What is Disability
The Disability Services Act 2011 (Tas) provides a definition of disability. This requires:
- cognitive, intellectual, psychiatric, sensory or physical impairment, or a combination of these
- permanence of the condition, or likelihood of permanence
- a substantial restriction in the capacity of the person to carry out a profession, business or occupation, or participate in social or cultural life
- a need for continuing significant support services
- can be of a chronic episodic nature, rather than consistently ongoing. Schizophrenic episodes may qualify as being of a chronic episodic nature.
Disabilities are many and various. A person in a wheelchair is a person with a disability. A person with autism is a person with a disability. A person with muscular dystrophy is a person with a disability. A person with a disability can be of higher than average intelligence, they can be sportspeople and prominent members of the community. Having a disability does not prohibit a fulfilling engagement with life and the world. In fact, people with disabilities are no different than you or I. Everyone has something they are able to do, and something they are unable to do – everyone is different.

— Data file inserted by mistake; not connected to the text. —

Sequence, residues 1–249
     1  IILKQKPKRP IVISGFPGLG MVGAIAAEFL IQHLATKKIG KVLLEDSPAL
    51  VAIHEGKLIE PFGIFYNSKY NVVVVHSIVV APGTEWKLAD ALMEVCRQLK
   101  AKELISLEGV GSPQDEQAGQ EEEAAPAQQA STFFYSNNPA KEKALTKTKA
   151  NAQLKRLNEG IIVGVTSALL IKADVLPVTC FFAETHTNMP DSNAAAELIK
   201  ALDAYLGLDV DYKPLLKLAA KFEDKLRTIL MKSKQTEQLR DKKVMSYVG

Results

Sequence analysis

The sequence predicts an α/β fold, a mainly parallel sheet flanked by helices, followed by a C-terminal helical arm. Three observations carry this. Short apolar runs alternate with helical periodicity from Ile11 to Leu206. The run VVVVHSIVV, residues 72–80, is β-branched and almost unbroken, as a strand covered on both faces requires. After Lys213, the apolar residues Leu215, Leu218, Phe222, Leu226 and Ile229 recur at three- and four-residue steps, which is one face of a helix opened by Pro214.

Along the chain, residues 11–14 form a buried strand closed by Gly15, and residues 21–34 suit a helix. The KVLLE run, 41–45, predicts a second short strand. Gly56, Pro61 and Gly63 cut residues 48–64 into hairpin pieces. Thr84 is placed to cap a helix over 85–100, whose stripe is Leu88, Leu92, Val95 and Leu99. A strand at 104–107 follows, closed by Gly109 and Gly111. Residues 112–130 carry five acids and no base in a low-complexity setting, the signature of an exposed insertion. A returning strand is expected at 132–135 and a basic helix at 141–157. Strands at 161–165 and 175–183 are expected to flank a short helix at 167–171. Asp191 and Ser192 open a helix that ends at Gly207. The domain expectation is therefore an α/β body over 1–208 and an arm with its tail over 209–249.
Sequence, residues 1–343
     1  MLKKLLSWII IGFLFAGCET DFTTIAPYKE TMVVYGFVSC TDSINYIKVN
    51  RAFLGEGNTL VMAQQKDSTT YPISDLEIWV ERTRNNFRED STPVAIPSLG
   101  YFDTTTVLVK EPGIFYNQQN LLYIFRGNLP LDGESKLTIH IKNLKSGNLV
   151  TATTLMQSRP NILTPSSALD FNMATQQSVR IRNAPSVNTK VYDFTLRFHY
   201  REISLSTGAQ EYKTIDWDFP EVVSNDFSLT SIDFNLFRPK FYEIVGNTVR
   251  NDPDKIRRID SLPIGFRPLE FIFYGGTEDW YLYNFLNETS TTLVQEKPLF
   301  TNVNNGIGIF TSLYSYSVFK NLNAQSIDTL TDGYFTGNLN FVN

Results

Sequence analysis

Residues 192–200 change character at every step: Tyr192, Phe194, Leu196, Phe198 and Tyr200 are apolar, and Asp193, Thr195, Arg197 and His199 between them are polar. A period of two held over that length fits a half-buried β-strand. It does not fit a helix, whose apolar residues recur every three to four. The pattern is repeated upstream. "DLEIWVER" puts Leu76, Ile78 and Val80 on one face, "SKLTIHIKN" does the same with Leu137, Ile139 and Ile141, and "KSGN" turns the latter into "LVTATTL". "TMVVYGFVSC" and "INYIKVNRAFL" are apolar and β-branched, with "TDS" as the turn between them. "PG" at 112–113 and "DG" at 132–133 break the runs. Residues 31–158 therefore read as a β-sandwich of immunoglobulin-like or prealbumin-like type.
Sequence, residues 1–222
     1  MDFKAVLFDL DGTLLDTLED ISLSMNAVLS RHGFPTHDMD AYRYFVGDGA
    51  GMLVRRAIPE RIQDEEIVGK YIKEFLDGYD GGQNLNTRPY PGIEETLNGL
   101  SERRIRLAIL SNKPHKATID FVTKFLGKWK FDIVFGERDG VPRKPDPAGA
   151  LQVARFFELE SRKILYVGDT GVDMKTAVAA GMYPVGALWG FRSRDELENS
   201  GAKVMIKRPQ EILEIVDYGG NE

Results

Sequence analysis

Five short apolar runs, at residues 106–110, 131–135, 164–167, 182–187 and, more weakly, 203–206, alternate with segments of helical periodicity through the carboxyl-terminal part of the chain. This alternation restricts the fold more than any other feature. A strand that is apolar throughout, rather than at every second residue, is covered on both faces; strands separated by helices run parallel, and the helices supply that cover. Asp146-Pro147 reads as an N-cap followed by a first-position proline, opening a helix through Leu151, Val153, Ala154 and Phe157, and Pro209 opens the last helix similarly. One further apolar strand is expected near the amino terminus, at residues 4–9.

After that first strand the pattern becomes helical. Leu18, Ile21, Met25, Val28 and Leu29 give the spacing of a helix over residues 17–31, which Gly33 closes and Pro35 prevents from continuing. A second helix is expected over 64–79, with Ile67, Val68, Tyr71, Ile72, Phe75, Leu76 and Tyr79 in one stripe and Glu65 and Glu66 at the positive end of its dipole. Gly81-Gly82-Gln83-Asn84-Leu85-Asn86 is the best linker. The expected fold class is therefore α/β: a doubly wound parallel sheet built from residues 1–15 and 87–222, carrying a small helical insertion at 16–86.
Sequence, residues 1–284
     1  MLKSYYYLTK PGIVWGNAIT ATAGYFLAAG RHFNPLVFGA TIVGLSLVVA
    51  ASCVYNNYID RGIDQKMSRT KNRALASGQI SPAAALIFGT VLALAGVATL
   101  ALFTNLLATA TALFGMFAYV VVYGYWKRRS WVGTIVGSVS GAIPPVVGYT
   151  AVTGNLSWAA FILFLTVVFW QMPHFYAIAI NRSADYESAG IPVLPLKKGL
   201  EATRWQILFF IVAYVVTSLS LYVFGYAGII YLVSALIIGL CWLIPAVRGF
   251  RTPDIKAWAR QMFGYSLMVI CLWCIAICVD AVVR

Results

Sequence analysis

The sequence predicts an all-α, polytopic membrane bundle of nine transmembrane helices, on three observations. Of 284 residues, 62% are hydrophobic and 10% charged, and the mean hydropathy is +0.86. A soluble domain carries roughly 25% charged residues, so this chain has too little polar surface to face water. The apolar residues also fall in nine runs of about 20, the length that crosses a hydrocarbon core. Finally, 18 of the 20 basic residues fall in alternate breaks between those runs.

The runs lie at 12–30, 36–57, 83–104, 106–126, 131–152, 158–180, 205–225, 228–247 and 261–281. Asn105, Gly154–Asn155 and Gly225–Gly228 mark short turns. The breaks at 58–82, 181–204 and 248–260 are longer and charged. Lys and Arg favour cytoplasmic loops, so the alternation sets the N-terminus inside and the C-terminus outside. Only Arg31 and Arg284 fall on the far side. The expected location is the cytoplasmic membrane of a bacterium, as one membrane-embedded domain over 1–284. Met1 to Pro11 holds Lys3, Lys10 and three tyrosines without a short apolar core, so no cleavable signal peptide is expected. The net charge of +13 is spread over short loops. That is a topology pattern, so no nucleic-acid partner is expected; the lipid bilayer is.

A person with a disability is entitled to respect and regard. Some people with disabilities will be more vulnerable to others, because of their cognitive or intellectual impairment. Much of this chapter is directed toward the law surrounding these types of disability.
Page last updated 27/02/2022